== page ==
Postby Hueby » Sat Feb 15, 2014 6:46 am

Mar 16, 1940- “Marquette drops Iron River 38-36 in Class B Semi Final Thriller.”

The determined cagers won a smashing game before a howling capacity crowd at Northern State Teachers College Gym.

Jack Frisk (scored 17 points) and Jack Culver (scored 11 points) shouldered the heavier part of scoring. Coach Roger Keast’s smooth working Redmen clicked effectively in every minute of the battle.

Marquette led 8-4 in the first, then lost a 16-12 advantage in the 2nd. Graveraet then poured it on in the 3rd feeding Frisk. Frisk’s tallies came from the “short pivot toss and his one handed shot, from the corner, while Culver was firing them in from back near mid-court and at the edge of the free throw lane.”

Up 33-30, the fans were on their feet in the final 2 minutes as Iron River was doing most of scoring. In the Graveraet yearbook it was written “Iron River lashed out a strong attack, but couldn’t overcome.” Graveraet held the ball the last minute.

Reading the article, one could tell it was a very exciting game.

Meanwhile, Escanaba defeated Hancock 34-28. Esky was led by sophomore Gauthier, who would be set up by guard Bobby Barron. Noted Pfotenhauer as a key player (One of the brothers who moved from Green Bay to lead them as the best football team in the U.P. in 1939).

This would set up a showdown between Graveraet and Escanaba for the Class B U.P. Championship. The two schools met once in the regular season. This was early on in Graveraet’s second game of the season, which was won by Escanaba 23-18.
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Re: Old Marquette Info Part 2

Postby Hueby » Sun Feb 16, 2014 10:09 am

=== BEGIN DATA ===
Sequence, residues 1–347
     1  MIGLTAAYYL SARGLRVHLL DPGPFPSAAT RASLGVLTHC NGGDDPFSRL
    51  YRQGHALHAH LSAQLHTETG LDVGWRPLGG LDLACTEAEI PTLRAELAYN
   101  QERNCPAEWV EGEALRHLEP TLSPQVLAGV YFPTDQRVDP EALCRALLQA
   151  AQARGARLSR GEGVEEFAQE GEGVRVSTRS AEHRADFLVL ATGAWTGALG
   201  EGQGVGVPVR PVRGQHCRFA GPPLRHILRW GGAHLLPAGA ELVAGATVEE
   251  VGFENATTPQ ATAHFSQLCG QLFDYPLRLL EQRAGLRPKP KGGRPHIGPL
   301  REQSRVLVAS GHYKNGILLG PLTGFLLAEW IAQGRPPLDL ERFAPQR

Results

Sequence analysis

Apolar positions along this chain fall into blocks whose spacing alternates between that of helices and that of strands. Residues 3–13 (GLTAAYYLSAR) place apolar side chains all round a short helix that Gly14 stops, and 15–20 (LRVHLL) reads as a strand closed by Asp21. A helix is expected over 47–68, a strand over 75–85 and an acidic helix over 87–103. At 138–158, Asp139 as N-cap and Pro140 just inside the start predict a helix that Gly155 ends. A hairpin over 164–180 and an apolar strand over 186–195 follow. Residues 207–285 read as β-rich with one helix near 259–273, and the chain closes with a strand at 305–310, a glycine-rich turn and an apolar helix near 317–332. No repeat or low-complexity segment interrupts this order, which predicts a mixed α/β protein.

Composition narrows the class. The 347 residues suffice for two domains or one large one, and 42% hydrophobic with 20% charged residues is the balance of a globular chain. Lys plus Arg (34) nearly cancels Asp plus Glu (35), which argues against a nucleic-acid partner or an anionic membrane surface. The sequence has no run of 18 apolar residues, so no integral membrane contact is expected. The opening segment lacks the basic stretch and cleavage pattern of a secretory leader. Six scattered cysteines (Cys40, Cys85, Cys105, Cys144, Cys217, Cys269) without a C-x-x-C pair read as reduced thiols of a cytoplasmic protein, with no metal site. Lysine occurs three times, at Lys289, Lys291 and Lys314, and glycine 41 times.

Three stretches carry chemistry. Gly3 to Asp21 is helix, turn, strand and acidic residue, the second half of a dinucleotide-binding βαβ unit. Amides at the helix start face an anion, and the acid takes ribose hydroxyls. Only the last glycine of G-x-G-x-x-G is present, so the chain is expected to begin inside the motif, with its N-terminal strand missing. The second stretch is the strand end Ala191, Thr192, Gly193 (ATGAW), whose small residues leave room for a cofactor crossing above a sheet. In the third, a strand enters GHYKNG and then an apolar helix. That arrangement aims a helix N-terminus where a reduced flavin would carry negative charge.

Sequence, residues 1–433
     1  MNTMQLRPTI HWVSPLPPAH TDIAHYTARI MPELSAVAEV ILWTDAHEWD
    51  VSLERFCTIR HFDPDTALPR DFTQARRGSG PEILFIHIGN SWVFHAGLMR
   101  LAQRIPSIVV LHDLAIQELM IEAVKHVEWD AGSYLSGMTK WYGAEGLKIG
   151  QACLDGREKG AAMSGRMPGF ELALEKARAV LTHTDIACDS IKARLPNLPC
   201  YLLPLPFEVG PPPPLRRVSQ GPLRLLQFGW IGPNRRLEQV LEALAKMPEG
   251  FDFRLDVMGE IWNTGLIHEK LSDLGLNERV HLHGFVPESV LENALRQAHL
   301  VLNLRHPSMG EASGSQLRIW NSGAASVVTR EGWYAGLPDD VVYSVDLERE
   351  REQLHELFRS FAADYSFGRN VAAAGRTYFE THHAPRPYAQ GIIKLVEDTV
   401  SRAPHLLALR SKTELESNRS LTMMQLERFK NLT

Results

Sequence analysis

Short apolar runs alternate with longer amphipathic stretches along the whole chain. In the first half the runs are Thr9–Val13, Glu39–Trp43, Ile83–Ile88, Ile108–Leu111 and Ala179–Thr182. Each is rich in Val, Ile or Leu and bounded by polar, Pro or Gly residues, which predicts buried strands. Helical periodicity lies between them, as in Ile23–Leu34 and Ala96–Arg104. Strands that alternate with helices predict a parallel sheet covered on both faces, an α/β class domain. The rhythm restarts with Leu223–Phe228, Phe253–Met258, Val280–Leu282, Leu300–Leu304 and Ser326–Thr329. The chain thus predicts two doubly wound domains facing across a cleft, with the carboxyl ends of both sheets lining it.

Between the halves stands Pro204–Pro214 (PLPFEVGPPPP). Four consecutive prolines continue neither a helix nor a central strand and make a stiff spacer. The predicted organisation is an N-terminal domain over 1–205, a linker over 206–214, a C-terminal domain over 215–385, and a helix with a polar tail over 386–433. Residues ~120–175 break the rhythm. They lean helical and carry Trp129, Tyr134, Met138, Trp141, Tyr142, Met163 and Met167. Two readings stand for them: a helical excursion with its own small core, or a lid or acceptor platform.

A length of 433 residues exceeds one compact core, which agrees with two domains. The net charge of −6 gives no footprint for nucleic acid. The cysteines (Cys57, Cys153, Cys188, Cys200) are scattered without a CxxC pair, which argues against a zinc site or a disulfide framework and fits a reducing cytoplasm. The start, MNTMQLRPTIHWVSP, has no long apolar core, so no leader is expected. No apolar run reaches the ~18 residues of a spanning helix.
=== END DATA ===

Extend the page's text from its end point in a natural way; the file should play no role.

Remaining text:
Mar 18, 1940

I would like to do something different here. I would like to combine my Mining Journal notes with the notes taken from the yearbook. The Mining Journal had a very…I mean “very long” write-up of the championship game. I will try to break it down into a shorter version.

Escanaba led 7-6 at the end of the 1st quarter.

In the 2nd quarter, this would be the only quarter “won” by Graveraet, as the Redmen scored 12 points to Escanaba’s 7 points. Graveraet’s “Jumping Jack” Frisk displayed his senior leadership as he inspired his team to forge ahead.

Graveraet led 18-14 at the half.

In the 3rd quarter, Graveraet scratched their way to a 23-16 lead, but it appears that would be the largest margin the Redmen would gain since they overtook Escanaba in the 2nd quarter. Escanaba would begin their comeback. Escanaba had a much more balanced team than Graveraet.

Escanaba would win the 3rd quarter 6-5.

After 3 quarters, it was an intense nail biter. Escanaba erased Graveraet’s 7 point lead and cut it to 3.

The score stood Graveraet 23, Escanaba 20.

In the 4th quarter, Graveraet began to feel the effects of their grueling tournament play. Escanaba refused to quit. They cracked the Redmen defense and continued to fight back from that 3rd quarter 23-16 deficit. Late in the 4th, Escanaba tied Graveraet. The Redmen took a slim lead, but again for the second time late in the 4th, the determined Eskymos tied the exhausted Redmen.

The game was stressful. The fans were screaming. The refs were professional, the cheerleaders rallying their student bodies, the coaches intensely directing their players. For all the players on the court and on the benches the “blood flowed” with excitement.

Both teams dug down the best they could. This was the big championship game everybody dreamed of playing in. None of these young men on either team wanted to lose this game. It was everything high school athletics should be about.